It’s not about the numbers. It just isn’t.

Beware smooth-talking ‘social media consultants’ who promise online fame and glory by pointing to tens of thousands of people following them on Twitter, or hundreds and hundreds of ‘likes’ on their Facebook pages. For, to mangle the old proverb involving ‘glisters’ and ‘gold’, all those Tweeters might be sold.

My mate Bill Rundle has already blogged expertly on the alarmingly easy process of ‘buying’ a Twitter following.  And the Beeb recently ran an exposé on how simple it was to generate many hundreds of Facebook ‘likes’ for a non-existent company.

This is interesting, too. Particularly the mention of the Status People website that promises to help you find out “how many fake followers you and your friends have”. Bill says that after he wrote his initial blog people kept tweeting at him to ask if there were any such services available.

But what I really wanted to get off my chest was that this all underscores the omnipresent issue around ‘output’ and ‘outcome’ that continues to dog the public relations profession right around the world.

That thorny old question of why it’s not okay to measure success by the size and weight of the press clippings file.

Why on earth would you think simply having someone follow you is of any value?

Just as business managers, executives and investors the world over have been misled into believing that the volume of press clippings relates in some way to the effectiveness of their public relations programmes, so many of these same people now seem to believe that the success of their online activities can be measured by ‘likes’, ‘followers’ and similar.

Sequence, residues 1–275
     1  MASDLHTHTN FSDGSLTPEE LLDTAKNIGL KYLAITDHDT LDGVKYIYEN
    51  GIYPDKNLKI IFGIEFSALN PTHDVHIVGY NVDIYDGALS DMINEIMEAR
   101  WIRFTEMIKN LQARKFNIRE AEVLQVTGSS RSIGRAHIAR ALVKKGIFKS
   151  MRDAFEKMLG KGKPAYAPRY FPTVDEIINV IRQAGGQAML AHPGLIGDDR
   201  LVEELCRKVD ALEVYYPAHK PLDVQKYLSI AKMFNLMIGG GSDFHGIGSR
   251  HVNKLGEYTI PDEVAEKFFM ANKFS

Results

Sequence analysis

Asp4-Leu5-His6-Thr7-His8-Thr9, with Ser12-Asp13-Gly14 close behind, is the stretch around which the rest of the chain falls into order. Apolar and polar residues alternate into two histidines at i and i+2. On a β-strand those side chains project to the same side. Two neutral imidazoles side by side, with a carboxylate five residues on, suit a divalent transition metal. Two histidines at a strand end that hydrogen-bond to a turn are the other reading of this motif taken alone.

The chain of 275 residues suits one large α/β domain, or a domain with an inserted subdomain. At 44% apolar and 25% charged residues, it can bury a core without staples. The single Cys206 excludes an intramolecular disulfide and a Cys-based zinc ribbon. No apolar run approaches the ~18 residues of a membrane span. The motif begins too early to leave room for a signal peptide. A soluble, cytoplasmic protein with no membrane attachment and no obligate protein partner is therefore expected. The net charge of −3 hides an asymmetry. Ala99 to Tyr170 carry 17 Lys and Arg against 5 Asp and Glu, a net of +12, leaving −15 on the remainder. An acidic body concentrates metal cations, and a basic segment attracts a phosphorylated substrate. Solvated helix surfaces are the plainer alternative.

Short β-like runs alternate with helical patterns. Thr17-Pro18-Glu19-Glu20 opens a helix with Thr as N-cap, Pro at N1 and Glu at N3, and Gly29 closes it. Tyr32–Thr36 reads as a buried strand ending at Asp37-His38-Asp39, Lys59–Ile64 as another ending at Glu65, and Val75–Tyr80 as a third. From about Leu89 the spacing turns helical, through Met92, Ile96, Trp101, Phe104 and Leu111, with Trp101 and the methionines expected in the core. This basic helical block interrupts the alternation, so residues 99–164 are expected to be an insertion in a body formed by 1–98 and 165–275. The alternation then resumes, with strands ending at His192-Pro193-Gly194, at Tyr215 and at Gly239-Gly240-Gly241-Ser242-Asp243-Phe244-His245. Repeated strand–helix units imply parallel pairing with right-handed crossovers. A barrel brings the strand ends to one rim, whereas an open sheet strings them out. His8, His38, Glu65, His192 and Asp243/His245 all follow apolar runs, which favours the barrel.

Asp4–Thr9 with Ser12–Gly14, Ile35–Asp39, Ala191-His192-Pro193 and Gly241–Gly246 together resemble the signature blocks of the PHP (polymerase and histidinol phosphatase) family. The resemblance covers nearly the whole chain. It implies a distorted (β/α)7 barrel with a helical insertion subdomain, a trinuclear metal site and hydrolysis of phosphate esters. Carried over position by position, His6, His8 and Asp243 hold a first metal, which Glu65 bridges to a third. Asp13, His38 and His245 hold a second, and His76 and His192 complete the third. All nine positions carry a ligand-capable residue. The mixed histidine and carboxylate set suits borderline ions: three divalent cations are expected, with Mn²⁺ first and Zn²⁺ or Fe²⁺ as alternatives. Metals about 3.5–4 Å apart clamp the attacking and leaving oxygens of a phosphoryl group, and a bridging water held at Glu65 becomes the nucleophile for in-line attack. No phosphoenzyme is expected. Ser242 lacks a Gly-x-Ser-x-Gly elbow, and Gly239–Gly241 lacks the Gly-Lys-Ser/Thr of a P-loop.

I know, right? Weird.  But they do.

 This follow-up by the Beeb’s Rory Cellan-Jones to his original ‘fake customers’ story is quite telling. BMW? Mini?

Do they measure the quality of their engagement with their followers, some of whom may in fact be real people?

Do they insist on establishing some form of dialogue with their legions of ‘likers’?

Do they listen and respond to criticism and queries originating from the blogosphere?

Some – in fact, an increasing number – do. I have already written about the superb work done across social media by Auckland Council, for example. And I’m sure you’ll be able to point to many other heroes of the hour.

But many don’t. And of those I think it’s worth asking the question – what the heck are you doing? Why the heck are you doing it? And why on earth would you think simply having someone follow you is of any value? I follow dozens of people or organisations I am either ambivalent about or actually dislike, simply because I want to keep tabs on the buggers. And I’m not alone.

People who understand the role that social media can play in an organisation’s public relations know that it’s better to have a healthy, constructive online dialogue or relationship with several hundred followers, than to simply collect trophy numbers reaching into the hundreds of thousands.

As one of this country’s bona fide, real marketing and social media heroes (IMHO), Courtney Lambert, says:

[UPDATE: July 31 – The NBR carried this today, about the Twitter account of Facebook Australia-New Zealand’s Adnan Kahn.]

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